Can a road safety measure be both effective and ineffective at the same time? A game-theoretic model of the effects of daytime running lights
Journal article, Peer reviewed
MetadataShow full item record
Original versionAccident Analysis and Prevention. 2013, 59 (October), 394-398. 10.1016/j.aap.2013.06.039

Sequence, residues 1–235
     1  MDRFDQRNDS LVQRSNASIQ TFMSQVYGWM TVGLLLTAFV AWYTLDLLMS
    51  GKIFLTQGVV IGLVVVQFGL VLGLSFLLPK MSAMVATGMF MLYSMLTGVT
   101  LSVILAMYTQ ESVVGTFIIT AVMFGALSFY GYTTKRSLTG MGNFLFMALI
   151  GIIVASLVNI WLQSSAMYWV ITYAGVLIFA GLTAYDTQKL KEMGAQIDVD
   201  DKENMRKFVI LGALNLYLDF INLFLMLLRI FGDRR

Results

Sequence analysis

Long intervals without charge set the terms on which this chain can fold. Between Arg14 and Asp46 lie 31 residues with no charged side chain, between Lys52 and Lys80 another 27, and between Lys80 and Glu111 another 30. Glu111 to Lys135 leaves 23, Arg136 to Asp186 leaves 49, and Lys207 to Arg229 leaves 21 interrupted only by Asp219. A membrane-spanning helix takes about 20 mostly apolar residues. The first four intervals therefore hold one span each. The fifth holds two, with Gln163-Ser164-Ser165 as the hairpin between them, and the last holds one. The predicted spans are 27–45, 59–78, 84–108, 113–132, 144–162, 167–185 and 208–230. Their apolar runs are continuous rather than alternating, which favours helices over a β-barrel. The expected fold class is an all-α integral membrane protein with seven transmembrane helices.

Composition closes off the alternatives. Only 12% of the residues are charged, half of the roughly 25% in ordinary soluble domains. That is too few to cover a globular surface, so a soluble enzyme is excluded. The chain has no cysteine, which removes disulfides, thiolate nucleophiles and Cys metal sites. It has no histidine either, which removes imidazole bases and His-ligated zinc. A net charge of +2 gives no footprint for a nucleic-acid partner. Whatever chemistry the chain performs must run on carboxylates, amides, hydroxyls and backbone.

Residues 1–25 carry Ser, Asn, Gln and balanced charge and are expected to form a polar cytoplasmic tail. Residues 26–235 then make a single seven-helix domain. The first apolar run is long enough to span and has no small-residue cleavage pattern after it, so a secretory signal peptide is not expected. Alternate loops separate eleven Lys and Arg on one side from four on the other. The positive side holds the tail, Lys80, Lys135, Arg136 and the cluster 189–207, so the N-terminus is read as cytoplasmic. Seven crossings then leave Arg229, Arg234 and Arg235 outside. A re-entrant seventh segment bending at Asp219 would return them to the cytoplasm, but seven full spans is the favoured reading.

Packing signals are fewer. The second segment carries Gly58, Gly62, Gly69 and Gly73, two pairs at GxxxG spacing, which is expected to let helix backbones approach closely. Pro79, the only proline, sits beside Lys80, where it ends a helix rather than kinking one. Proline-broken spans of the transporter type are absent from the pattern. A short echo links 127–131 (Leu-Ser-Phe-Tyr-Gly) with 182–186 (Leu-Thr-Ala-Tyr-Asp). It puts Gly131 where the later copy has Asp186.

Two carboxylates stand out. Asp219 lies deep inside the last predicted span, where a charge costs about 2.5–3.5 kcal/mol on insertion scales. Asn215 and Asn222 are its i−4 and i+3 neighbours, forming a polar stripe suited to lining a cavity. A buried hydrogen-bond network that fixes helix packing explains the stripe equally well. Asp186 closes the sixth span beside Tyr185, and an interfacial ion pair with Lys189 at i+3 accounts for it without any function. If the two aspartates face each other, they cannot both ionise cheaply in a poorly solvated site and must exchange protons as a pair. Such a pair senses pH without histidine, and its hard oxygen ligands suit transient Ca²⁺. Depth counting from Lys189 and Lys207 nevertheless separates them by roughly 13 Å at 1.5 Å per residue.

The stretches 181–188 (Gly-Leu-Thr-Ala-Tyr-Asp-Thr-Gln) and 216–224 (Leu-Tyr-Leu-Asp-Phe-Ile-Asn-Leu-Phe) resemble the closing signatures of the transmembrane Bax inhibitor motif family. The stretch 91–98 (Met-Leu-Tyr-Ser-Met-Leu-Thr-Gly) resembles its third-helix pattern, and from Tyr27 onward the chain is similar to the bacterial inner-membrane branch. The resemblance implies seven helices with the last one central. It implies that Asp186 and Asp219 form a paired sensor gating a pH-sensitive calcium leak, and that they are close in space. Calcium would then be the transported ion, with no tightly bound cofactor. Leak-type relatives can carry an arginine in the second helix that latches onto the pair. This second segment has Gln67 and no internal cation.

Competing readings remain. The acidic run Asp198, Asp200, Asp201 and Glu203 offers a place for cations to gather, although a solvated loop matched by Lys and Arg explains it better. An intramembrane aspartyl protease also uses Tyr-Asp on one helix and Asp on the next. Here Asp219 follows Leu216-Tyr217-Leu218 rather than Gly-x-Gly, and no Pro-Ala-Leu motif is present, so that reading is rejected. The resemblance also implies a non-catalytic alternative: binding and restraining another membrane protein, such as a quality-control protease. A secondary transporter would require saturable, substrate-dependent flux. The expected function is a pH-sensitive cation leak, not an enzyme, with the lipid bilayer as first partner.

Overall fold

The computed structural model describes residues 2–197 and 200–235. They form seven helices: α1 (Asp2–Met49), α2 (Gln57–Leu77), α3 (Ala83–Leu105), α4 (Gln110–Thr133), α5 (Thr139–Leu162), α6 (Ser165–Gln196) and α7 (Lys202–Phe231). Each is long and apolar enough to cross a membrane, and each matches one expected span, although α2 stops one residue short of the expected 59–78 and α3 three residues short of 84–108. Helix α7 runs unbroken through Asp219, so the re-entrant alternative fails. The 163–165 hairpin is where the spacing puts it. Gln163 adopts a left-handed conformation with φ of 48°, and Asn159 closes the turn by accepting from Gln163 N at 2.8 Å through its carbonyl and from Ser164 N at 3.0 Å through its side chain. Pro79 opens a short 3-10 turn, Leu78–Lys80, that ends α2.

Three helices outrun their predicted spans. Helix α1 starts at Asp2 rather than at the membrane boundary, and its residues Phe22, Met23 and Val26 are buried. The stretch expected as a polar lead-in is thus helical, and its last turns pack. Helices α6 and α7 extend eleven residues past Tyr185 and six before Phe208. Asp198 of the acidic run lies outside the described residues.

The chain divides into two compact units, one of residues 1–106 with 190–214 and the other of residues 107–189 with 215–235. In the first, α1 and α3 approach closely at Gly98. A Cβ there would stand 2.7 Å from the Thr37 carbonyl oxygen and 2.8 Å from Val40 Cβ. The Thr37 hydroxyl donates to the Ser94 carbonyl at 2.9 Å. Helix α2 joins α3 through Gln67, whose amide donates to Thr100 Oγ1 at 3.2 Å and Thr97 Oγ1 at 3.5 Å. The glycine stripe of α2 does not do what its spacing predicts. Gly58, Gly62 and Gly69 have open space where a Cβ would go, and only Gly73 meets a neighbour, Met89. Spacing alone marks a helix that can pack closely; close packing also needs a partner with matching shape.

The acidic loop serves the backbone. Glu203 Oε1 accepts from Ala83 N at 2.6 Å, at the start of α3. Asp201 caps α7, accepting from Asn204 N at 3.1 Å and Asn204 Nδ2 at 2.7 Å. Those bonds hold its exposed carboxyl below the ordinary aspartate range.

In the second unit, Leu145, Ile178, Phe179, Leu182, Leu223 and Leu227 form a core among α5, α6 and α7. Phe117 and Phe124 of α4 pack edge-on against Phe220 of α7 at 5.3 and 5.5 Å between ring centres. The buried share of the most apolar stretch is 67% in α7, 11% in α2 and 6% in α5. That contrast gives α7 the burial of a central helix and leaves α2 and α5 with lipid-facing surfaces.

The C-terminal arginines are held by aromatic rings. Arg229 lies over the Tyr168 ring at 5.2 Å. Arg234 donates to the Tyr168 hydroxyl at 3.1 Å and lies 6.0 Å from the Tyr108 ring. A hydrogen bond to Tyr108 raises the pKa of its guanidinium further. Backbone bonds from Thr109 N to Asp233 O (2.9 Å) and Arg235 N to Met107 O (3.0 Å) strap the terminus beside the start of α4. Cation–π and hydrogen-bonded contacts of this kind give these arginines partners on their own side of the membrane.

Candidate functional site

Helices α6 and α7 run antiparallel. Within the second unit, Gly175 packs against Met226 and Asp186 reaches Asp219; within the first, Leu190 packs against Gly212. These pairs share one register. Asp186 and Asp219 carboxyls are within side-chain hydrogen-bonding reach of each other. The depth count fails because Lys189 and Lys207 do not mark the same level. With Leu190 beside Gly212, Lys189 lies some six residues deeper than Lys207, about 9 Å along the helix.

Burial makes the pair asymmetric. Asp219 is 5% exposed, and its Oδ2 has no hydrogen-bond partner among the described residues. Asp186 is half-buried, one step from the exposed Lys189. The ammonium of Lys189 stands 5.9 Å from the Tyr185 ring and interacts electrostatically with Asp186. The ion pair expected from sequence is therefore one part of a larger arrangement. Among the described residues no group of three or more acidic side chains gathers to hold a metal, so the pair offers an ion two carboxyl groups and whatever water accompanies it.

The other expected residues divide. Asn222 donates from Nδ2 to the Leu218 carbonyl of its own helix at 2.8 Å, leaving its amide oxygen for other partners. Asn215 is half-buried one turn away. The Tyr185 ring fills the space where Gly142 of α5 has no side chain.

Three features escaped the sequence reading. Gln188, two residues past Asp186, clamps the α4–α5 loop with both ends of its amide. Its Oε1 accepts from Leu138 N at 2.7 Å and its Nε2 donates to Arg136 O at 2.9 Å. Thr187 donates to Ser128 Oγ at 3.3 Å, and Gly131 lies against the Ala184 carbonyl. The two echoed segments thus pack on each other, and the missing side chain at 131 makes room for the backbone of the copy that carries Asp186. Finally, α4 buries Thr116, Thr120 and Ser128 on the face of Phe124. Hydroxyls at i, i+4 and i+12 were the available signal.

Studies that have evaluated the effects on accidents of daytime running lights for cars have consistently found that cars using daytime running lights are involved in fewer multi-party accidents in daylight than cars not using daytime running lights. However, studies evaluating the effects of mandatory use of daytime running lights have not always found an accident reduction. Although findings are mixed, there is a tendency for the aggregate effects of daytime running lights (i.e. the effects of an increasing share of traffic using daytime running lights) to be smaller than the intrinsic effects (i.e. the difference in accident involvement between cars using and not using daytime running lights). This paper presents a game-theoretic model to explain these apparently inconsistent findings. The game-theoretic model is based on so called Schelling-diagrams, originally introduced by Nobel laureate in economics Schelling. The effects of daytime running lights are modelled by means of Schelling-diagrams. It is shown that it is by no means impossible for cars using daytime running lights to always be safer than cars not using daytime running lights, while the total number of accidents remains constant even if the percentage of cars using daytime running lights increases from, say, 10% to 90%.